Sand Rivers

Fish eagle frenzy!

03 March 2013

Soaring high

A jealous croc wishing he could fly!

Swooping low!

Surveying its surroundings!Anytime spent at lake Tagalala will undoubtedly be accompanied by the haunting cacophony of calling fish eagles, one of the most well known and loved sounds of the African bush. A few afternoons ago we went to the lake to look for the Humblot's Heron, a one off heron for the Selous and Africa, he was first spotted on lake Nzerakera to the west of us about 5 years ago and has now moved across to lake Tagalala.

Approaching the lake we saw at least 50 fish eagles flying above the lake, swooping low across the water's surface showing exemplary hunting skills, most of the birds were adults but there were a few juvenile birds trying to learn the tricks of survival from their elders. Their large and strong talons are equipped with a rough surface in order to keep a good grip on their mostly slippery aquatic prey, from capture in the water or land to the branch of a tree which is where they normally go to eat, if the prey is not too big or misshapen to sit comfortably on a branch, once we saw a fish eagle trying to eat a young terrapin on a tree branch and the bird was having a lot of difficulty keeping it on one place on the branch!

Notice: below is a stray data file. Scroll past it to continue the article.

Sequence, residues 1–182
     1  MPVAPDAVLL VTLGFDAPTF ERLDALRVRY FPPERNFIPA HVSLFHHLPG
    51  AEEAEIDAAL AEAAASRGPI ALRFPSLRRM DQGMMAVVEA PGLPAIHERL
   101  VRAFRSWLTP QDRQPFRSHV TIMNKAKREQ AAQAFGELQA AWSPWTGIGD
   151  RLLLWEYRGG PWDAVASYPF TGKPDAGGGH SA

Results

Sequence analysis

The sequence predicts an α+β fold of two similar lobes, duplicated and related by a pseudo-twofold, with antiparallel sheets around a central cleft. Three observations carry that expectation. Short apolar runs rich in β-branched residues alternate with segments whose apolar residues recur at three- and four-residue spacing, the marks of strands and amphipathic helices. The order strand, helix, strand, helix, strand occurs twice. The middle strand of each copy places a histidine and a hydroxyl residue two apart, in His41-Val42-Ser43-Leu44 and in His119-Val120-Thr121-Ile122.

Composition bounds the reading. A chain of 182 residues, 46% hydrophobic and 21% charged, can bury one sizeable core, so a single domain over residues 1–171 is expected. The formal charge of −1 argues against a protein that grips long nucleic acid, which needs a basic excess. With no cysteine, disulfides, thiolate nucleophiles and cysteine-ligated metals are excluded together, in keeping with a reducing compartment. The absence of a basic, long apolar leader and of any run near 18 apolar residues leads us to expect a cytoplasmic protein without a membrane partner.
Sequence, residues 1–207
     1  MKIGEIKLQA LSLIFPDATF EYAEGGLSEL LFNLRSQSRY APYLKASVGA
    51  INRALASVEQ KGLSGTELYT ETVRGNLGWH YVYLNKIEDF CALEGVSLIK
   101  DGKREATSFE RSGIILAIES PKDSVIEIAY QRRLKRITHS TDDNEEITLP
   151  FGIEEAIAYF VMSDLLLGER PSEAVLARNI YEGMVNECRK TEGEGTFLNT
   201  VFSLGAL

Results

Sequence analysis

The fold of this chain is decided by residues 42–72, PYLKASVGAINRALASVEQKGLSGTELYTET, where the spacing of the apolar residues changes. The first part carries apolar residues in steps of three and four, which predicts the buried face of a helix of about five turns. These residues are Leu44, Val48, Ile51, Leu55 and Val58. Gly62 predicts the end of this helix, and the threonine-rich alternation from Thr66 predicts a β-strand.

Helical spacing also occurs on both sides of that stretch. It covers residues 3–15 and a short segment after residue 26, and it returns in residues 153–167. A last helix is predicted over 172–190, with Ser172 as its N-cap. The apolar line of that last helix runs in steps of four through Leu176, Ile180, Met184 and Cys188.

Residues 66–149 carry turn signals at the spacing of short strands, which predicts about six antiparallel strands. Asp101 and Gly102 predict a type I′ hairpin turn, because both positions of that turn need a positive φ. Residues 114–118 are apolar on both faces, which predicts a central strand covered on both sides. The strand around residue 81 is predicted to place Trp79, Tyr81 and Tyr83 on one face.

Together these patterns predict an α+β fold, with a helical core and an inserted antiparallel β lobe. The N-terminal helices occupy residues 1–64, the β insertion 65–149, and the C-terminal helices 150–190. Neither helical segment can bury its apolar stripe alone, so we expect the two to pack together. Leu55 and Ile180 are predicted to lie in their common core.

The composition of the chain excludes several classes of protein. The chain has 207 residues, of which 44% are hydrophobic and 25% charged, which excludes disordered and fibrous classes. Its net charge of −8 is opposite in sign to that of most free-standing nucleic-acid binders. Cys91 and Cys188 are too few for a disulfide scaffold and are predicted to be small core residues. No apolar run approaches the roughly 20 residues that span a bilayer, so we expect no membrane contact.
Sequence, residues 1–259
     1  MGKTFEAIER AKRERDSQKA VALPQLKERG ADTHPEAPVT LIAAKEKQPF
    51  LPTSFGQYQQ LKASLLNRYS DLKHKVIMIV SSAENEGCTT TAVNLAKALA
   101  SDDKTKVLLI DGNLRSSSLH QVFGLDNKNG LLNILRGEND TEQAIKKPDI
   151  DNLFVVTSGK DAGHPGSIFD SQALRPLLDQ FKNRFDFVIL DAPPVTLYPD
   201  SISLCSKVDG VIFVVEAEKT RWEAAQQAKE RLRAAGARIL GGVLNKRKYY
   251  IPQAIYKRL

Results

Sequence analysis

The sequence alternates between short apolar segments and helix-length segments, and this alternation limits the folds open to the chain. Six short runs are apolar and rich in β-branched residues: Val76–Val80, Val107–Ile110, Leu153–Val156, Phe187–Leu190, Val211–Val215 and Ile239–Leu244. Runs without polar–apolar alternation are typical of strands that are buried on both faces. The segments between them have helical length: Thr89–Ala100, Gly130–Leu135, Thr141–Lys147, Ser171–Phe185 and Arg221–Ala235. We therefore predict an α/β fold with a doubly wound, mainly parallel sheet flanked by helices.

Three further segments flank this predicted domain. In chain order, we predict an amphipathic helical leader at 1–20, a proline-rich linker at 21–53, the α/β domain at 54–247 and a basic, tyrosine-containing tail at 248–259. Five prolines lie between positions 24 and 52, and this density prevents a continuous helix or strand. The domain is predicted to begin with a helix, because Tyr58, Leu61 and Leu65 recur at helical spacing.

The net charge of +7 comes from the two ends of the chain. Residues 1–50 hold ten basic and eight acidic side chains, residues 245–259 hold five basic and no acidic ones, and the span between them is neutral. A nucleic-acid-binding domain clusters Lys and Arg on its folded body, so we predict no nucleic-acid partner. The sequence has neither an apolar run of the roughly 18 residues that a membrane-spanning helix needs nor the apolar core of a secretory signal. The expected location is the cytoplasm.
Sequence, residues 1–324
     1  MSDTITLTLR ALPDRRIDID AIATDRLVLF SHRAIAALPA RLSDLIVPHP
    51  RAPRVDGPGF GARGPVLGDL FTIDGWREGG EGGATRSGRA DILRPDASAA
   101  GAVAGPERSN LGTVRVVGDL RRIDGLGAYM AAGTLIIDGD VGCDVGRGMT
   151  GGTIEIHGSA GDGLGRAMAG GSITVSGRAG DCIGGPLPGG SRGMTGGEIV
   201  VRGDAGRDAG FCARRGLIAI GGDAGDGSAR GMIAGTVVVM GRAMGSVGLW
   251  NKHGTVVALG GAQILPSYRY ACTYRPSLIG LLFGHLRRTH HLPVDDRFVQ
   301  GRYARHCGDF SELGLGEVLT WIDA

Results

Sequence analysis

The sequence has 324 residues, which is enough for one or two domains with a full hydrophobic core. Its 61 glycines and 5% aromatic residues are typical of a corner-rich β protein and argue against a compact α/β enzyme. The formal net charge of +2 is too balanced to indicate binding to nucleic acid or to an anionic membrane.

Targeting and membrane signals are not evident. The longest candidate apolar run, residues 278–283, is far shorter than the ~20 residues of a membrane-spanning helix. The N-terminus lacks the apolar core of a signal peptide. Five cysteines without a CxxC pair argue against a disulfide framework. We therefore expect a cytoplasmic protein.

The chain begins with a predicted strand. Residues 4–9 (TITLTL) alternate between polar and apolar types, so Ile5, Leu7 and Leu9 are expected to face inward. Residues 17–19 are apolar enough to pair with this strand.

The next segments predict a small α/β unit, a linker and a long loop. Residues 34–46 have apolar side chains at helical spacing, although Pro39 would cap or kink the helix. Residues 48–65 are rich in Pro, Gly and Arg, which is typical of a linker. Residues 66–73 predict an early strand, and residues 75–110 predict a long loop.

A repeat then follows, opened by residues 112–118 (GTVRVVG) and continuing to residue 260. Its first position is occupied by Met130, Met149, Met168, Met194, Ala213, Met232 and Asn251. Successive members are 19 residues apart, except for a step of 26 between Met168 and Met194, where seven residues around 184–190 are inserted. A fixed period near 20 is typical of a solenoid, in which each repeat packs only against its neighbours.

Even though fish eagles are spectacular hunters they are also well known for displaying a behaviour called kleptoparasitism, meaning they steal prey off other birds and wildlife, especially the Goliath heron who gets very upset when it happens, the fish eagles spend far less time hunting than other birds of prey because they are successful opportunists! We didn't see the Humblot's on this particular trip as we were too busy trying to capture the fish eagles in flight with our cameras! But the heron is around the lake somewhere, having been blown over here from Madagascar in a cyclone, at least he has plenty of other bird life on the lake to keep him company.

As well as having the highest density of crocodiles in any body of water in Africa we think lake Tagalala might also be in the running for the highest density of fish eagles!

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